Today's Headlines - Realty Times
Posted On Tuesday, 09 March 2021 00:00 Written by
Posted On Tuesday, 09 March 2021 00:00 Written by

Change can be difficult, but it can also be an opportunity. New changes to the loan application form and the challenges that go with it are an issue for a large number of reasons. While any change in the mortgage industry is an issue, most recently TRID, you can always find a path forward.

I follow a few loan originator forums and often contribute when I think I have something significant to offer. Today I just want to point out that the change is here and we all have to live with it until the next change comes along. Complaining about the changes will not resolve the issue. Complaining on how much harder it is to do your job with the new application will fall like a brick. Whining about how it is harder to use your LOS and some of the supporting loan software you may have is a complete waste of your time! The form is here for now so get over it!

Take control of what you can control! The new form requires more specific information and there is no getting around the fact that you will have to work a little bit harder on the front of your loans (pre-approvals) to get what you need for a smooth transition from pre-approved to being in contract to buy. It may cause some borrowers to ask why you need all of this information? The answer is simple, without the information you can’t complete the pre-approval process, which is needed so we can close your application quickly once you are under contract!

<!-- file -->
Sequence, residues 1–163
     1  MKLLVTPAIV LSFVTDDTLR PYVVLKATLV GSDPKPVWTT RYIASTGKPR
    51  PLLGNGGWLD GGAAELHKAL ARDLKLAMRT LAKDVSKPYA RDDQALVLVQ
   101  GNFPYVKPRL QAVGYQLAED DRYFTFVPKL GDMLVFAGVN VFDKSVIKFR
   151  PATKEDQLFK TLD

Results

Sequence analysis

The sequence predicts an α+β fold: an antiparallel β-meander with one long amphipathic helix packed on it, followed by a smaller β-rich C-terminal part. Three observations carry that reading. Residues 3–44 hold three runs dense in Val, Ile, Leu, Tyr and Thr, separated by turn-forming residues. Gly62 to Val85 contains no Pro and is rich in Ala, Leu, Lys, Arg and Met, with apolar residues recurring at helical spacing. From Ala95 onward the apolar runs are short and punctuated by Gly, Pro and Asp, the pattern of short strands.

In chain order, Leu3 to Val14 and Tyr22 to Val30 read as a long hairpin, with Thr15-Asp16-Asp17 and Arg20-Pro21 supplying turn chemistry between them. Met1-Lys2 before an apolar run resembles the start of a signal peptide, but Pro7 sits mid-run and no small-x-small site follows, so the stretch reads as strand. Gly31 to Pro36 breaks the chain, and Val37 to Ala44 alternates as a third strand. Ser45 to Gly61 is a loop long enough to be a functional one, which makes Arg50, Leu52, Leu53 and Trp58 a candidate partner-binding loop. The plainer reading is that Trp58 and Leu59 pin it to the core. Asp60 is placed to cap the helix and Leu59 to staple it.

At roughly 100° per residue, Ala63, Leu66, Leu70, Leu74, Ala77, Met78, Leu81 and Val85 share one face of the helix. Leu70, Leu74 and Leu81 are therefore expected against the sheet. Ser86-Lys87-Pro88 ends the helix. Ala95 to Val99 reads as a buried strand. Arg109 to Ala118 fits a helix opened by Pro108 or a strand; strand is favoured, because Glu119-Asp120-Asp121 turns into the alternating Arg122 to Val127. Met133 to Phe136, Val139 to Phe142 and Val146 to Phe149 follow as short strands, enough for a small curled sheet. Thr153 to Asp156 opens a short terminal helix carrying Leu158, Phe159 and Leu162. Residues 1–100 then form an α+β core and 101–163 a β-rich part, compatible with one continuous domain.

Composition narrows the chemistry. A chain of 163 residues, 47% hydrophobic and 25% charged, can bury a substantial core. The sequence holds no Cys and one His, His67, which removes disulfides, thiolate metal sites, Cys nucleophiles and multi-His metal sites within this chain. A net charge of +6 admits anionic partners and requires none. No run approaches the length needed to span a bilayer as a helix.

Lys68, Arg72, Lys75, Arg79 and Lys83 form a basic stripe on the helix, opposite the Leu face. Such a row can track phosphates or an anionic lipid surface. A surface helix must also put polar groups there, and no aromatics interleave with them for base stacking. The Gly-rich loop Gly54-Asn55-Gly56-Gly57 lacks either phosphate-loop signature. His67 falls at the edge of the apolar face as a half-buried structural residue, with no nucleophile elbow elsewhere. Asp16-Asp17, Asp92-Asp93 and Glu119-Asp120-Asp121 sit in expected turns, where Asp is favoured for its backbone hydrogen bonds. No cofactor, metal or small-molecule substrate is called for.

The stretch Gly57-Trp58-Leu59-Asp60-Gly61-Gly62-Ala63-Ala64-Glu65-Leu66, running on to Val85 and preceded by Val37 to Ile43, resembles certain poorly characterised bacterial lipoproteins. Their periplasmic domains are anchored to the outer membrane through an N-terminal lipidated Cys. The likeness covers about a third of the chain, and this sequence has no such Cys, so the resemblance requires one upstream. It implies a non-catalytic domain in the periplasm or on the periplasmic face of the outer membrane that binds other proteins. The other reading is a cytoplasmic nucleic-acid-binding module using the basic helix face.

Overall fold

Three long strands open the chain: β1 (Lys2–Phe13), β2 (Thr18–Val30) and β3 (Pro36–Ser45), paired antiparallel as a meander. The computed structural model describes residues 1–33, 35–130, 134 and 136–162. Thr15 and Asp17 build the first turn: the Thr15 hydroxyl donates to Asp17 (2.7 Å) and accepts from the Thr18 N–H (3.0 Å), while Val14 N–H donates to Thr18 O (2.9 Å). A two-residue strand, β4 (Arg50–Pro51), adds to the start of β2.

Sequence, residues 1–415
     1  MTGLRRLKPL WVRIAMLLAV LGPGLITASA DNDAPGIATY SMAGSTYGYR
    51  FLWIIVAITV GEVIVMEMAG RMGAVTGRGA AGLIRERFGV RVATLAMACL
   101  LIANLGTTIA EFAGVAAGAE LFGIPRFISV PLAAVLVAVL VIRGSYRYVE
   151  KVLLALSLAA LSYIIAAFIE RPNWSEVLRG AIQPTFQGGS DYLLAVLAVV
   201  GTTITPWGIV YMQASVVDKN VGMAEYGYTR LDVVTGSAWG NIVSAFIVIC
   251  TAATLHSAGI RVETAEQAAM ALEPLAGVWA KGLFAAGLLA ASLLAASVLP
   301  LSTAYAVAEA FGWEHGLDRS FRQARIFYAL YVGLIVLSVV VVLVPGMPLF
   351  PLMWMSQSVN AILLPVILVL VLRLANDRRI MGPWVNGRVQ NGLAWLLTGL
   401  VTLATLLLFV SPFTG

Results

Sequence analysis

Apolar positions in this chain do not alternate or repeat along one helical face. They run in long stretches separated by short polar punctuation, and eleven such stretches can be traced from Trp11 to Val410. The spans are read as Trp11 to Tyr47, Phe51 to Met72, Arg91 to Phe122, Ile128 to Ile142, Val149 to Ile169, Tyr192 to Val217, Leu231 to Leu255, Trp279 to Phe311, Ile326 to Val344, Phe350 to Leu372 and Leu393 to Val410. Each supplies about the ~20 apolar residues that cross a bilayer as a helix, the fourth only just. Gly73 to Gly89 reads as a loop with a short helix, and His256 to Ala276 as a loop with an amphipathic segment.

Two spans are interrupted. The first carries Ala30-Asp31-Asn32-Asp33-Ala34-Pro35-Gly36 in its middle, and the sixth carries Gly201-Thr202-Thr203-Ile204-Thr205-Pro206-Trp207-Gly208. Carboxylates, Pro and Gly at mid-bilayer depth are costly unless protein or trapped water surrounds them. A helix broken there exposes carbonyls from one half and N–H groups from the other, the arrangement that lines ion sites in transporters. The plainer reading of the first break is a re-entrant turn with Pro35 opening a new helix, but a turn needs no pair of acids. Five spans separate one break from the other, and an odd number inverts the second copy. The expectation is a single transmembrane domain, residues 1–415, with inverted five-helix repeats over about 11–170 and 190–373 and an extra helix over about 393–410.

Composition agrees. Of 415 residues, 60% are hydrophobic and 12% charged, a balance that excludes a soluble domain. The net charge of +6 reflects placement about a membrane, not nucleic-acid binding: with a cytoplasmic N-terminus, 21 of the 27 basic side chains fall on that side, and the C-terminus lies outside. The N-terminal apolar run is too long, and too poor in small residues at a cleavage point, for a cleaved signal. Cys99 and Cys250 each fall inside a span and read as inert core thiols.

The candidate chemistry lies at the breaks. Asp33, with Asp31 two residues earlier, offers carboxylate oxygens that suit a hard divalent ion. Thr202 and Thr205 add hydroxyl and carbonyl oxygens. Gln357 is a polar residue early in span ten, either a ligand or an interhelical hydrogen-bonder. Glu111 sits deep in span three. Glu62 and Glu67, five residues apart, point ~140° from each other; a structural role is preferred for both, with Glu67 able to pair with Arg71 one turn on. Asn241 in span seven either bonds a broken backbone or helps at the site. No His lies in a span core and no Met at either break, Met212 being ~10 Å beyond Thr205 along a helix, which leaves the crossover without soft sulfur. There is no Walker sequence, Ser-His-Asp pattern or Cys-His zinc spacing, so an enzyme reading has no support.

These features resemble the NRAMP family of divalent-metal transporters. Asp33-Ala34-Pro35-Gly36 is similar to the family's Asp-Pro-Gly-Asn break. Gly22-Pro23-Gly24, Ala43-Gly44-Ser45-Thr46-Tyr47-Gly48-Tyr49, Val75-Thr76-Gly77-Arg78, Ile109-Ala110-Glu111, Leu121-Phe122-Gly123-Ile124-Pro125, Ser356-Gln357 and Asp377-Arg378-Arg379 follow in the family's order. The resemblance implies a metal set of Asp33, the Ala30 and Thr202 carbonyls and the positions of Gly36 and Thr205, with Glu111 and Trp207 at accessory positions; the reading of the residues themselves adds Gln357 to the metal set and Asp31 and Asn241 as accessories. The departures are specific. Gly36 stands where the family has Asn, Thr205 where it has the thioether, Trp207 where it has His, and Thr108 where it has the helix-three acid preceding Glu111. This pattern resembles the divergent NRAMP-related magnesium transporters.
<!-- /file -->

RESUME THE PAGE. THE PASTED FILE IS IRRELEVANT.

Everyone is facing challenges. Your job is to make sure you can guide your clients and referral partners down a path that provides for the best possible outcome in the shortest period of time! Dealing with the new loan application is just one piece of the puzzle. Rising rates, COVID-19, spring buying season, huge numbers of buyers, potential delays in IRS activities, software interfaces, and all kinds of other issues will get resolved either by taking control of the things you can, and accepting the things you can’t. Anything else is counterproductive!

Questions or comments: This email address is being protected from spambots. You need JavaScript enabled to view it.

Posted On Monday, 08 March 2021 00:00 Written by
Has anybody ever told you that there is? It has been said that everybody has at least one good book in them! Have you considered writing a book? If there is an area in which you are a subject matter expert, there are probably people who would like to hear more from you.